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ERIC Number: EJ992738
Record Type: Journal
Publication Date: 2012
Pages: 9
Abstractor: ERIC
Reference Count: N/A
ISBN: N/A
ISSN: ISSN-0734-6670
The Future Is Now for Renewed Commitment
Campolo, Anthony
Journal of College Admission, n214 p46-54 Win 2012
The young people who are coming into school are not lacking in intelligence, are not lacking in intellectual capability, but are lacking in the capability of paying attention, and the capability of reading. And to a large degree, they are inadequately taught because in many instances they are taught by teachers who themselves leave much to be desired. Undoubtedly, somebody from the teaching profession is going to say, "What a terrible way to talk! There are a lot of very good teachers out there who are dedicated and committed to teaching, and are par excellence." And the author says, "Hurray!" But he wants to add that he thinks they are the problem to a large degree. It seems to him that the good teachers ought to be invading the professional organizations and making sure those professional organizations do not become agencies that protect incompetence. When he looks at the Teachers Unions of the United States, the author sees union after union that is protecting incompetent teachers. He doesn't think tenure should protect some people who shouldn't be protected. There's another thing. This is an age in which commitment has died. The author happens to be one who believes in commitment to a large degree and he worries about a society that is devoid of commitment. It is about time that admissions counselors challenge their faculty. The real challenge of the teaching profession is not to take a kid with an IQ of 150 and a College Board score and verbal of 750 and tell him that he can be a genius. The challenge is taking a student with 450 College Boards and making him believe that he can be a scholar, that he can be a first-rate student, and that he can achieve and be somebody. These are challenging days requiring a new kind of education relevant to the needs of these pressing years, and requiring a new kind of educator who is willing to accept the challenge of average students who want to do great things. This is a period when people have to be taught to love beyond the level of romanticism and understand the nature of commitment to higher values, to lofty goals from whence comes identity, purpose, and meaning. It is almost too great a task, but unfortunately it is a task that no one can avoid.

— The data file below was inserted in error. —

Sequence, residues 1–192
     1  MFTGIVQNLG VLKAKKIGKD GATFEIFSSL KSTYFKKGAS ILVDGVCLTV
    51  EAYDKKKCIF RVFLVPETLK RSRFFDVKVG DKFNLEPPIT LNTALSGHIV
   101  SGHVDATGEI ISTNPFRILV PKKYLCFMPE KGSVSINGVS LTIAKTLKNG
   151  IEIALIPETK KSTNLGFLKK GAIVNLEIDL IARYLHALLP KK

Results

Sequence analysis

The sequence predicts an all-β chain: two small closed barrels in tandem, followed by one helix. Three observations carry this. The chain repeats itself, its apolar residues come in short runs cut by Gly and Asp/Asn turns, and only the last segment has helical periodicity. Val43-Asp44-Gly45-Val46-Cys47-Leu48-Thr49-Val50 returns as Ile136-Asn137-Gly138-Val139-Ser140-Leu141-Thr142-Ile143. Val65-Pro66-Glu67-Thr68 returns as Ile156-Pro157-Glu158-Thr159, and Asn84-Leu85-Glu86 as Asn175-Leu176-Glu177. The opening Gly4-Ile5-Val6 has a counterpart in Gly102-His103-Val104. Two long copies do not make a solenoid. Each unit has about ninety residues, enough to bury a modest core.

National Association for College Admission Counseling. 1631 Prince Street, Alexandria, VA 22314-2818. Tel: 800-822-6285; Tel: 703-836-2222; Fax: 703-836-8015; e-mail: info@nacac.com; Web site: http://www.nacacnet.org
Publication Type: Journal Articles; Opinion Papers
Education Level: Higher Education
Audience: N/A
Language: English
Sponsor: N/A
Authoring Institution: N/A
Identifiers - Location: United States